A company interested in MLM would select a core group of individuals in key areas across the United States to study the product and provide those people with a business opportunity. The core builds a network below them and earns a considerable amount from the efforts of all of those below.

The opportunity, then, is to create a "downline" by sponsoring several motivated individuals in that downline who will then sponsor other motivated individuals (ad infinitum).

This continues on for many "levels." The idea is that if a person were to enter into a viable MLM organization, he would receive credit for bringing that individual in as a "distributor" of whatever the product might be.

For example, let us suppose that the original amount of people brought into downline consists of only four. Each person is highly motivated and brings in four more people who bring in four more people, etc. Let us stop after only five levels. Ultimately, the organization in the person's downline stemming from the original four people could be as many as 1,024. Multiply four X four = sixteen people on the second level, and then multiply four X sixteen people = sixty-four people on the third level, etc.

In order to enter into a successful business, one normally needs to be considerably well capitalized. In MLM most of the people making incredible sums have little or no money initially. The key is that MLM companies save the usual 50% of income spent on marketing, and this money not being spent on marketing is available to pass on to the distributors in the form of commissions and bonuses.

The "bottom line" with respect to MLM is that it can be an extremely lucrative opportunity. Instead of salespeople competing to get ahead, the original MLM sponsor helps everybody in his downline build their own organization.

First, Do Your Homework

If a person is interested in MLM, he should accomplish research on the company he is considering. There are perhaps hundreds of MLM companies and not all of them are honest and reliable. Research whether the products and/or services offered by the MLM company are inherently good and valuable. Find out if the company has a good financial background, check out its principals, and make certain they are trustworthy.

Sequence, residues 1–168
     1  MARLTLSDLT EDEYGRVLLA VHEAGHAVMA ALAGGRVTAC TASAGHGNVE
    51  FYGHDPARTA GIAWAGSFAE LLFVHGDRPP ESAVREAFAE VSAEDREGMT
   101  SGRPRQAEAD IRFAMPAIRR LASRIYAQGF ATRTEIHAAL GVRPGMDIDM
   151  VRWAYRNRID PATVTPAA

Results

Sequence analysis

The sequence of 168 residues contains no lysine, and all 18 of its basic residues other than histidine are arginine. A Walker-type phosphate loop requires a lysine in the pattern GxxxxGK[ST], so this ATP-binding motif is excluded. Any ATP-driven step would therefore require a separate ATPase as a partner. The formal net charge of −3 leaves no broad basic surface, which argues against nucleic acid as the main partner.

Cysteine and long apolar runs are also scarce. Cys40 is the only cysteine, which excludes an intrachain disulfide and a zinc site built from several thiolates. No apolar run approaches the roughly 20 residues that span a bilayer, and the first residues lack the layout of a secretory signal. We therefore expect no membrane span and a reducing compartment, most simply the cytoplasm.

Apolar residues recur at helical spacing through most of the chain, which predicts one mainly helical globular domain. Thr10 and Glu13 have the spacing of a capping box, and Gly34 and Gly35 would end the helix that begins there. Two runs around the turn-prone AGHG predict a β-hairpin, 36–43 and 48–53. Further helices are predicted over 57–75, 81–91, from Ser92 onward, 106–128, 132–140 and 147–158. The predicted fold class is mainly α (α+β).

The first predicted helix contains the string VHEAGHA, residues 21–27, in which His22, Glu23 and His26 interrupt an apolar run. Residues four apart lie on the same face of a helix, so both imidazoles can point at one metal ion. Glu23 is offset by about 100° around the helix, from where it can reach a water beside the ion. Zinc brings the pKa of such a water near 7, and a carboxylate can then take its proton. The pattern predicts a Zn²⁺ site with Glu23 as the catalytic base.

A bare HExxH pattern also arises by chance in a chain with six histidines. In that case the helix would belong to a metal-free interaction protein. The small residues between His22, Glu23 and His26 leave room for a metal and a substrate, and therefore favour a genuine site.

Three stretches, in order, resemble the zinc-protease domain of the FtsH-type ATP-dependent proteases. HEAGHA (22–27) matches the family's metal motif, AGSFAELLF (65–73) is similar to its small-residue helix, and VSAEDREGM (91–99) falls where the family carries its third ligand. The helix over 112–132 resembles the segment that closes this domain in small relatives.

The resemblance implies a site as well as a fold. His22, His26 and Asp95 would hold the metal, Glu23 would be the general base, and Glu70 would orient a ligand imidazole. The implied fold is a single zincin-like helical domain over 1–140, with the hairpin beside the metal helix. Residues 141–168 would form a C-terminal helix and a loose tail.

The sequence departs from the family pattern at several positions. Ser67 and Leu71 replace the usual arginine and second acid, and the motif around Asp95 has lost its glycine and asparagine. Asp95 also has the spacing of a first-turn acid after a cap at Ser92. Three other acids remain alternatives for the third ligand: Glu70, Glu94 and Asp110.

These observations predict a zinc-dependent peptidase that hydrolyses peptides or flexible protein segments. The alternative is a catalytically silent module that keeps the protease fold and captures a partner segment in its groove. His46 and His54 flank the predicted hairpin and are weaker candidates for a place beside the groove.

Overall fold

Ascertain the name of the company bank and the organizations and associations involved. The top management should be researched out as well as background. How successful have they been before entering into MLM? A person should see where he would fit in the scheme of things; i.e., is he entering at an early level in the MLM program? The earlier he becomes involved, the greater are his chances of becoming wealthy.

Check the marketing plan and compare it to other programs. Research the company's sales aides and literature. Do they have good information which is persuasive? Do they have a good organization to provide assistance and support?

Types of MLM Organizations

Most MLM organizations sell products, but there is a new wave on the horizon in which some MLM organizations do not sell products but sell memberships which provide services of nationally known companies such as offering purchases of numerous products at a substantial discount. It is thought that such companies portend the future and by the end of the 1990's almost all goods and services will be purchased in this manner.